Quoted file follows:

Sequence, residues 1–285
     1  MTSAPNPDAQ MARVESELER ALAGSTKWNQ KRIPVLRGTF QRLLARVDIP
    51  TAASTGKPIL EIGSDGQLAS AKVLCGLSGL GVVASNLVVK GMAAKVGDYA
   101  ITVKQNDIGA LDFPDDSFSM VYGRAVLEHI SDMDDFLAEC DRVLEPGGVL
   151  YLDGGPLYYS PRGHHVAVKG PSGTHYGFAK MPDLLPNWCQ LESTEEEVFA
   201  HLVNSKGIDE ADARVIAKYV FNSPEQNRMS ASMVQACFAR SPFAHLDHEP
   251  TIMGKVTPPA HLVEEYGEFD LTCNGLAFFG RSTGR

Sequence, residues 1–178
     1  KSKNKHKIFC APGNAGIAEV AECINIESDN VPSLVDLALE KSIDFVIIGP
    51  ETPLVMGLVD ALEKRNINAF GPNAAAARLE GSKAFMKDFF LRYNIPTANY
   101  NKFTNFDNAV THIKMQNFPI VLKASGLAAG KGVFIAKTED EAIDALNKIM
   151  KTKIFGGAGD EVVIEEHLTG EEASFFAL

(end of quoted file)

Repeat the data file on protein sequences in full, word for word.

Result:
Sequence, residues 1–285
     1  MTSAPNPDAQ MARVESELER ALAGSTKWNQ KRIPVLRGTF QRLLARVDIP
    51  TAASTGKPIL EIGSDGQLAS AKVLCGLSGL GVVASNLVVK GMAAKVGDYA
   101  ITVKQNDIGA LDFPDDSFSM VYGRAVLEHI SDMDDFLAEC DRVLEPGGVL
   151  YLDGGPLYYS PRGHHVAVKG PSGTHYGFAK MPDLLPNWCQ LESTEEEVFA
   201  HLVNSKGIDE ADARVIAKYV FNSPEQNRMS ASMVQACFAR SPFAHLDHEP
   251  TIMGKVTPPA HLVEEYGEFD LTCNGLAFFG RSTGR

Sequence, residues 1–178
     1  KSKNKHKIFC APGNAGIAEV AECINIESDN VPSLVDLALE KSIDFVIIGP
    51  ETPLVMGLVD ALEKRNINAF GPNAAAARLE GSKAFMKDFF LRYNIPTANY
   101  NKFTNFDNAV THIKMQNFPI VLKASGLAAG KGVFIAKTED EAIDALNKIM
   151  KTKIFGGAGD EVVIEEHLTG EEASFFAL